Method for standardizing the derivation of the temperature in the mesopause region from hydroxyl (oh*) airglow
In order to derive the temperature in the mesopause region from hydroxyl (OH*) airglow, in which intensities of three lines of OH* emission and a basic position are measured during the night using ground-based IR spectrometers, a noisy OH* spectrum is smoothed by filtering out white noise superimposed on the measured OH* intensities, by means of a spectral analysis method in the form of a harmonic analysis and by means of adaptation using the Voigt function which is carried out in the form of a combination of a Lorentz distribution and a Doppler distribution. A decision is made on the quality of the adaptation of the smoothed spectrum obtained to the original spectrum using statistical characteristic variables and by selecting one of the two methods, harmonic analysis function or Voigt function, and the temperature is thus accurately determined.
The invention relates to a method for standardizing the derivation of the temperature in the mesopause region from hydroxyl (OH*) airglow, in which method the intensities of three lines of the OH* emission and a basic position are measured during the night using ground-based IR spectrometers.
For measuring the temperature in the mesopause region, use is made of the circumstance that, in the height region of the mesopause, there exists a layer of excited hydroxyl molecules, OH*, generated by the exothermic reaction of ozone and atomic hydrogen and having a vertical extension of about 8 kilometers, said layer having its center of gravity at substantially 87 kilometers (see
Temperature determination is performed by examination of the emission spectrum of the OH* molecules generated by the following exothermic reaction:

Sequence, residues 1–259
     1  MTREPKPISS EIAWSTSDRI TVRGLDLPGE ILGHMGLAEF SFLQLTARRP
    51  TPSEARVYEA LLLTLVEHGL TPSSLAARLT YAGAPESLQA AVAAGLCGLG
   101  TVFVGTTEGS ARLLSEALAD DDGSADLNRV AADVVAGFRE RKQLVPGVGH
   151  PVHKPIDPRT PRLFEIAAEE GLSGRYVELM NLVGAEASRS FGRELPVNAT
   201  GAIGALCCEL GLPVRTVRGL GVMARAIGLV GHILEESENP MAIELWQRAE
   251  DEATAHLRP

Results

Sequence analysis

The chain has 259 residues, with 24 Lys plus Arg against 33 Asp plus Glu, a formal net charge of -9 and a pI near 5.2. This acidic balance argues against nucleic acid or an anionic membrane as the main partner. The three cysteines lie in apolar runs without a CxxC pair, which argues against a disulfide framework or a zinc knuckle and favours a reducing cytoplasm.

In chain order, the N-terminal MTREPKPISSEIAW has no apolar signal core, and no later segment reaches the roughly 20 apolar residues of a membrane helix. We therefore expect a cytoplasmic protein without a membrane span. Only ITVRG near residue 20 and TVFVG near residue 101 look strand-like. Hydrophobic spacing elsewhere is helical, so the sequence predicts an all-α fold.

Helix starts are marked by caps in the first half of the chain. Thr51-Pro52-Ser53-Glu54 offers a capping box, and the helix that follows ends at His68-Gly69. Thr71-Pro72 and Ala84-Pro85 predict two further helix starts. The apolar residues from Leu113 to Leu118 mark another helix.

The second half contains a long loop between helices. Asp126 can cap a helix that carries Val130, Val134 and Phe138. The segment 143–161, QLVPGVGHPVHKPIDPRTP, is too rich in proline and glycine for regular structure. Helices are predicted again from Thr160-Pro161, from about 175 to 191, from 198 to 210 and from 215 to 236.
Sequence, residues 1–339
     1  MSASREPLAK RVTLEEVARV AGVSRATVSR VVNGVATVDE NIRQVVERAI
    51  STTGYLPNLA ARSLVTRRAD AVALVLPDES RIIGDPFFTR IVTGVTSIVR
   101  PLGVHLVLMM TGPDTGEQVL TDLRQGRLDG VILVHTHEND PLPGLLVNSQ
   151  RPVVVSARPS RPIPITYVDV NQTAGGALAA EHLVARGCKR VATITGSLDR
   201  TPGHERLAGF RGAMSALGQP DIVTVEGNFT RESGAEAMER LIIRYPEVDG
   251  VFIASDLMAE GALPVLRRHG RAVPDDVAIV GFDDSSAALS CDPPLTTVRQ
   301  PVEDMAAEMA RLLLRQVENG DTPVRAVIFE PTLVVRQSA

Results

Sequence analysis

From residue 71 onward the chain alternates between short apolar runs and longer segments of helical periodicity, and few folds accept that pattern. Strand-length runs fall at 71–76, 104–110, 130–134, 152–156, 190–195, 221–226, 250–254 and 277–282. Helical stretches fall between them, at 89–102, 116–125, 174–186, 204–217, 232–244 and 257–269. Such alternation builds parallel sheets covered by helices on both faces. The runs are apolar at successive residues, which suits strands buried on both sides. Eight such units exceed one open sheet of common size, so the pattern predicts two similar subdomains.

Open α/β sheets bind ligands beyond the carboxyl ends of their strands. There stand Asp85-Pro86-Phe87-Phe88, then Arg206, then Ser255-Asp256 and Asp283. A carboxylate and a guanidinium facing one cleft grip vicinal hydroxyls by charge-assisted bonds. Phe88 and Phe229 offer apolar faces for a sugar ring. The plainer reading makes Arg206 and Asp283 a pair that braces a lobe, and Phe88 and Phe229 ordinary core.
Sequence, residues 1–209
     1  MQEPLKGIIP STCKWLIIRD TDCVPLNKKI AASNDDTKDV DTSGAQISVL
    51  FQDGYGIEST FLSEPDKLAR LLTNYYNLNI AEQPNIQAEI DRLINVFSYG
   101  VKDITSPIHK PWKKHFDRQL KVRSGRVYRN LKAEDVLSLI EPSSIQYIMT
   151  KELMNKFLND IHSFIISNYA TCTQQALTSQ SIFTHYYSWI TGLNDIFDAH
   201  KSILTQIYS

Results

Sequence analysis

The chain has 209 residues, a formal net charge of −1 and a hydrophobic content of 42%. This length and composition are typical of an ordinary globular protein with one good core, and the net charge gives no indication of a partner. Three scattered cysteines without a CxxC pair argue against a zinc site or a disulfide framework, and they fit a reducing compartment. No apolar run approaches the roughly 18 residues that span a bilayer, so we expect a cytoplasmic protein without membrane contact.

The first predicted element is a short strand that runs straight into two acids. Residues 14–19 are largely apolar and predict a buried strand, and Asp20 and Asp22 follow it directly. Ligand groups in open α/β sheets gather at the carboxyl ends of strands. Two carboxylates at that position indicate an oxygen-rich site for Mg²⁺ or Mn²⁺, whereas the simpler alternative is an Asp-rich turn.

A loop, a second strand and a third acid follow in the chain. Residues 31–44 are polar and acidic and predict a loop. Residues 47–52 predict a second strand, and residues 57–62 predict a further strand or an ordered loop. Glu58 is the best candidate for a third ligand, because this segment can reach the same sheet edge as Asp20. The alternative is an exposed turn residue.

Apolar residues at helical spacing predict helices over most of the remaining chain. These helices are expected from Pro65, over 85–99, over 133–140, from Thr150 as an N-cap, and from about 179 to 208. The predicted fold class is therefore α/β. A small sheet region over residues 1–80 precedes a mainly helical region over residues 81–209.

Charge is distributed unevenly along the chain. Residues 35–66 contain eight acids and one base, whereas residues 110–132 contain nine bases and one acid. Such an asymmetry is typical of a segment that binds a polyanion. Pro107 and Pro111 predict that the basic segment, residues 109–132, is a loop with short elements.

The energy of 322 kJ/mol released by this reaction is sufficient to excite the molecules to the effect that these will perform vibratoral and rotational oscillations; electronically, however, the molecules are in their basic state. During the successive transition from high vibration levels to the basic state, radiation in the visible and infrared wavelength range is emitted.
In the process, the transitions with Δv=2 have the largest intensities. The OH*(3.1) transitions which are in the spectral range of 1.52 μm and 1.55 μm (see
STATE OF THE ART
The derivation of the rotational temperature of the OH* molecule—and thus of the kinetic temperature of the environment—from emission measurements are obtained with the aid of the following interrelationship between the intensity I of the emission of the transition of v′=3 to v″=1 of the OH* molecule and its rotation temperature Trot:
- I( . . . ) is the intensity of the transition defined by v, J, i [photons s−1·cm−3),
- Nv′ is the occupation number of the state v′ [cm−3],
- A( . . . ) is the Einstein transition coefficient for spontaneous emission [s−],
- i is the designation of the doublet branch,
- v is the designation of the vibration level,
- J is the angular momentum quantum number,
- Qv′ (Trot) is the rotation-partition sum,
- Fi,v′ (J′) is the term value of the rotation level with respect to the vibrational level v′ [cm−1],
- k is the Boltzmann constant=0.6948 cm−1K−1, and
- Trot is the rotational temperature [K].
The values Nv′ and Qv′ (Trot) are detectable only with difficulties but are equal for all of the three transitions discussed here. In order to reach the desired result without knowledge of these values, equation 2 will first be transformed into:
For the emission lines of the three measured transitions P1(2), P1(3) and P1(4), it is provided that In(I( . . . )/[2(2J′+1)*A( . . . )]) is plotted against Fi,v′ (J′). Subsequently, a linear regression is performed so as to obtain K·Trot as a reciprocal value of the slope of the regression line. The obtained result of the rotation temperature of the OH* molecules describes the kinetic temperature of the environment.
Since, in the presently applied method for temperature derivation, merely four measurement values will suffice for determining the temperature, notably the intensities of three lines of the OH* emissions at the wavelengths of 1.524 μm, 1.533 μm and 1.543 μm (
After a nightly measurement period, the measured spectra will be visually examined for their positive usefulness and, if required, “disturbed” spectra will be sorted out. The OH* intensities are superimposed by noise; for this reason, the “good” spectra will be summed up to form a total spectrum. By averaging the spectra, a noise reduction effect is accomplished. In this sum spectrum, the positions of the maxima of the “peaks” of the three OH* emission lines as well as of the already described minimum position will be detected.